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Since joining the Eagles, Steve Addazio has lived up to his reputation as a high-octane motivator.
Associated Press | File 2012
Boston College quarterback Chase Rettig says his new coach is “definitely different” as the Eagles work toward improving an offense that was 109th in scoring and 115th in rushing last season.
Sunday, July 28, 2013
Throughout every practice, new Boston College coach Steve Addazio holds a competition between his offensive players and defensive players. Each unit accrues points for excelling in drills or making big plays in scrimmages.
Every day, a final score is tallied.
Every day, that score has consequences.
“The losers of the day, they’ve got a really bad ending, man,” Addazio said at the recent ACC Football Kickoff in Greensboro, N.C. “They’re doing up-downs every five yards for 100 yards. I mean, it’s ugly.
“The whole deal is to promote that you’ve gotta win. Losing’s not acceptable.”
BC’s athletic administrators apparently felt the same way. That’s why they fired Frank Spaziani after four downward-trending seasons and lured Addazio away from Temple to try to restore some luster to the program.
From the first day he walked in the locker room and barked at the players for leaving towels on the floor, the 54-year-old coach has made an impression.
“It’s definitely different from what we’ve been used to,” BC quarterback Chase Rettig said. “He’s a lot more passionate, a lot more enthusiastic. He gets involved with the teaching aspect of the game.”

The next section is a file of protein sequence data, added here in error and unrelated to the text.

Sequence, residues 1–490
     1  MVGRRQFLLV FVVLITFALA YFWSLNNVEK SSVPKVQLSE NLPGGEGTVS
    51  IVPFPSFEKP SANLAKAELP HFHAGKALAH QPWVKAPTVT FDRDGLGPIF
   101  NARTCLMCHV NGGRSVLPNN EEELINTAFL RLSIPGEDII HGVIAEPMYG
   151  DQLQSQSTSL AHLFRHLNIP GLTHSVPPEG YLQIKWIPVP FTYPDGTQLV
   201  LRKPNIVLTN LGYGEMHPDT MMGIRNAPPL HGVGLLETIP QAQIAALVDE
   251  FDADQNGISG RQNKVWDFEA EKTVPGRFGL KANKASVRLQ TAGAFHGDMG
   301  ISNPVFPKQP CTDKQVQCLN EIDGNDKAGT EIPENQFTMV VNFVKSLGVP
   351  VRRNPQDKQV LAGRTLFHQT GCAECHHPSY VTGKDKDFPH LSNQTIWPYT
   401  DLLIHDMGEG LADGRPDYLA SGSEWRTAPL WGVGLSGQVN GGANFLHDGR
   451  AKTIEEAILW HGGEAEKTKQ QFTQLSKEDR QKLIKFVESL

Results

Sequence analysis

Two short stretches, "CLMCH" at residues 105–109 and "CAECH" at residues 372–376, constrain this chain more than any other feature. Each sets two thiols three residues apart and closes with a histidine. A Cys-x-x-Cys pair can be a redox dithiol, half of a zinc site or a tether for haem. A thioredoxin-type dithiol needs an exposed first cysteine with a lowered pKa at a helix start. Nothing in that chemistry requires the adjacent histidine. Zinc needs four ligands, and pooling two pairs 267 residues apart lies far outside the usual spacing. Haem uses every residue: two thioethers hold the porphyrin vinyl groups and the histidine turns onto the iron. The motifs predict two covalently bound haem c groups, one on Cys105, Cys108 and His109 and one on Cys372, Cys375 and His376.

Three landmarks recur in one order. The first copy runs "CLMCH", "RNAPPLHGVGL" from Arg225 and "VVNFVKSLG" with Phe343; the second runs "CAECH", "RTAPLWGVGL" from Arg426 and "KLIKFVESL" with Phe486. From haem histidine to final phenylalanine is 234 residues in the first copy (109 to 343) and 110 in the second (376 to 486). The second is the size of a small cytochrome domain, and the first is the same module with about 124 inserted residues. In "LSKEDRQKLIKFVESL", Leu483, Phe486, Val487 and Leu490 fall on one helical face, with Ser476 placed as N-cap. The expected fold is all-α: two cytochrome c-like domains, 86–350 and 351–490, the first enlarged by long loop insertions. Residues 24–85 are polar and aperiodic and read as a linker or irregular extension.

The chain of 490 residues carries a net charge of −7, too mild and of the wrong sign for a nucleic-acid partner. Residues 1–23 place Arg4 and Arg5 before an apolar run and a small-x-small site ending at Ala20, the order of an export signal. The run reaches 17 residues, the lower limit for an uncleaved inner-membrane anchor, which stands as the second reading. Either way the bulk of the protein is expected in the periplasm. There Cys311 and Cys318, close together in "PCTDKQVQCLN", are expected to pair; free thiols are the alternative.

A former offensive and defensive lineman at Central Connecticut State, Addazio started his coaching career at a Connecticut high school before stints as an assistant at Syracuse, Notre Dame, Indiana and Florida. He was the Gators’ offensive coordinator in 2009 (Tim Tebow’s senior year) and ’10.
Both at those stops and at Temple, where he guided the Owls to a 13-11 record over two seasons, Addazio gained a reputation as a high-octane motivator.
“On the sidelines in games, I’m really flyin’ around,” said Addazio, who could bench press 425 pounds in his heyday. “I want to make sure our sidelines, our players, they feel that energy, man. I think that’s really important.
“Sometimes you’re sore getting out of bed on Sunday morning, but the thrill and the exhilaration of the next game is coming right at ya. The season is a windsprint, man.”
The Eagles gasped to the finish line with a 2-10 record in 2012, leaving Addazio with plenty to fix. Defensively, BC ranked dead last among the 120 FBS schools in sacks and tackles for loss. The offense finished 109th in scoring and 115th in rushing.
It’s that last ignoble stat — a paltry 90.9 yards per game on the ground — that Addazio will try to improve first.
“I think you need a power component in the offense,” said Addazio, who inherits a bruising tailback in Andre Williams but not much depth at the position. “Whether you line up with three wide receivers, four wide receivers, flexed, closed, I believe you need that component. You get down to the goal line, you’ve got to be able to run the football.”
Last year’s Eagles rarely got close enough to the goal line to even try it. They averaged just 19 points per game. But the players are confident that the physical style of play — BC’s trademark during their years as an ACC title contender — will return under Addazio.
“He comes in with the same attitude every single day. There’s not a day that he’s down,” linebacker Steele Divitto said. “You really appreciate that because you want to feed off that energy as well.
“He gets the guys going. He understands that it’s tough being a college athlete, so he makes it the best experience that he can.”
Unless, of course, you lose the daily practice contest. Then it gets ugly.
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